Like a lot of writers, I’m fond of my thesaurus. I feel like I’m getting repetitive if I use the same words over and over again, so I start looking for new ways to convey what I want to say. There’s danger in this. Stephen King, in his memoir On Writing, states the first word that comes to mind is usually the right choice. We’re striving for clarity and smooth reading, after all. Forcing yourself to make word choices that aren’t natural or intuitive can really bog down your writing.
I think a good example of this is a work by Ernest Vincent Wright. Now, I have to give credit where credit is due. Mr. Wright was obviously a man up to an enormous challenge, and I think he must have had a great sense of humor to boot. Back in the 1930s, he decided he was going to write an entire novel without ever using the letter “e”—the most frequent letter in the English language. Mr. Wright claimed he actually tied down the “e” key on his typewriter so he wouldn’t accidentally use it. I imagine he had to keep his thesaurus handy, since many of his first word choices were probably off limits. (Past tense also threw him for a loop—“walked” had to become “did walk,” etc. Nor could he use the words “he,” “she,” or “they.”) And Mr. Wright succeeded at this incredibly ambitious task, publishing Gadsby: A Story of Over 50,000 Words Without Using the Letter “E” in 1939. But did his story suffer from the limited word choice? You be the judge. Here are the opening paragraphs:
If Youth, throughout all history, had had a champion to stand up for it; to show a doubting world that a child can think; and, possibly, do it practically, you wouldn't constantly run across folks today who claim that "a child don't know anything." A child's brain starts functioning at birth; and has, amongst its many infant convolutions, thousands of dormant atoms, into which God has put a mystic possibility for noticing an adult's act, and figuring out its purport.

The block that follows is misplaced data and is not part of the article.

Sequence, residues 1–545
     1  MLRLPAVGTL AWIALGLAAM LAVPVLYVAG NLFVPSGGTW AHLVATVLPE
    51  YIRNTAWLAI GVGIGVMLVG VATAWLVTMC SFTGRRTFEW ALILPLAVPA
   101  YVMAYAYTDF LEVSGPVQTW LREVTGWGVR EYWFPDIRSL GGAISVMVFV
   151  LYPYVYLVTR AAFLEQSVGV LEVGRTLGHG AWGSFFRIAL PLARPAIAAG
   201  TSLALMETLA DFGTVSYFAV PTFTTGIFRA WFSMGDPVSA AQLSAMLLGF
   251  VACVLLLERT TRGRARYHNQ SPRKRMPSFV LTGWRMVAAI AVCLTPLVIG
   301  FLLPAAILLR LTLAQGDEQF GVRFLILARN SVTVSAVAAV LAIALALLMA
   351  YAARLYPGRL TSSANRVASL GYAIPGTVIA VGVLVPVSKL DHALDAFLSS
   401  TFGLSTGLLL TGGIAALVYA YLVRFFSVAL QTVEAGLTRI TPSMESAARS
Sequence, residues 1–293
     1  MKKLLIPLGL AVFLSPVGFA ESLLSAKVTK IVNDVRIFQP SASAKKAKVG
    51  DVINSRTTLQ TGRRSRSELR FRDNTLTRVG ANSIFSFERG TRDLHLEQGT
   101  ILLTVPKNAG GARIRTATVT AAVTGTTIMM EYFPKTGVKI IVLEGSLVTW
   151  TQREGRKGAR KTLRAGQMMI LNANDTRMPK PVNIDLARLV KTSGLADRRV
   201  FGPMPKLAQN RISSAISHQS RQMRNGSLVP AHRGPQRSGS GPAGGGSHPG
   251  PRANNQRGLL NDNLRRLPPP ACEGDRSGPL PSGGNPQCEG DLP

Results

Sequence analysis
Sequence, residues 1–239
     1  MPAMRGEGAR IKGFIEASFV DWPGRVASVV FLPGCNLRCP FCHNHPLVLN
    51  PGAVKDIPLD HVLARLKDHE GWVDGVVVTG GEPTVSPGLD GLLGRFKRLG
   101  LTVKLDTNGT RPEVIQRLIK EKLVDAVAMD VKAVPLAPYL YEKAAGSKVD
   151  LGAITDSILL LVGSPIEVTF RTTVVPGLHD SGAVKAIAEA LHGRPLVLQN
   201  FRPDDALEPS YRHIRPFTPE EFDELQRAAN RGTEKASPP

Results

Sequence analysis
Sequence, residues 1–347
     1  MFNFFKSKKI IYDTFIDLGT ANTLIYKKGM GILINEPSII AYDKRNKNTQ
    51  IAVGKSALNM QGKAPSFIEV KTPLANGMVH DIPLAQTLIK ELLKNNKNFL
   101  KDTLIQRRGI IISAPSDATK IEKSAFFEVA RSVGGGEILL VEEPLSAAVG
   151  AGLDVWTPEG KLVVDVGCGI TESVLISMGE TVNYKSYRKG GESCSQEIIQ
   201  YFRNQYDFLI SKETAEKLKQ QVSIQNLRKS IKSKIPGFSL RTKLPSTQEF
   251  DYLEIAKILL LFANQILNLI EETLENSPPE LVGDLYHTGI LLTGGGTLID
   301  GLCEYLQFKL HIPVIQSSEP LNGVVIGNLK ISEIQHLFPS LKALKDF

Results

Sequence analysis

Up to about its primary school days a child thinks, naturally, only of play. But many a form of play contains disciplinary factor. "You can't do this," or "that puts you out," shows a child that it must think, practically, or fail. Now, if, throughout childhood, a brain has no opposition, it is plain that it will attain a position of "status quo," as with our ordinary animals. Man knows not why a cow, dog, or lion was not born with a brain on a par with ours; why such animals cannot add, subtract, or obtain from books and schooling, that paramount position which Man Holds today.
But a human brain is not in that class. Constantly throbbing and pulsating, it rapidly forms opinions; attaining an ability of its own; a fact which is startlingly shown by an occasional child "prodigy" in music or school work. And as, with our dumb animals, a child's inability convincingly to impart its thoughts to us, should not class it as ignorant.
Upon this basis I am going to show you how a bunch of bright young folks did find a champion; a man with boys and girls of his own; a man of so dominating and happy individuality that Youth is drawn to him as is a fly to a sugar bowl. It is a story about a small town. It is not a gossipy yarn; nor is it a dry, monotonous account, full of such customary "fill-ins" as "romantic moonlight casting murky shadows down a long, winding country road." Nor will it say anything about tinklings lulling distant folds; robins carolling at twilight, nor any "warm glow of lamplight" from a cabin window. No. It is an account of up-and-doing activity; a vivid portrayal of Youth as it is today; and a practical discarding of that worn-out notion that "a child don't know anything."
If you’re interested in reading further, the entire novel can be read here. I’ll confess, I’ve never made it past chapter one.
What are your best tips when it comes to word choices?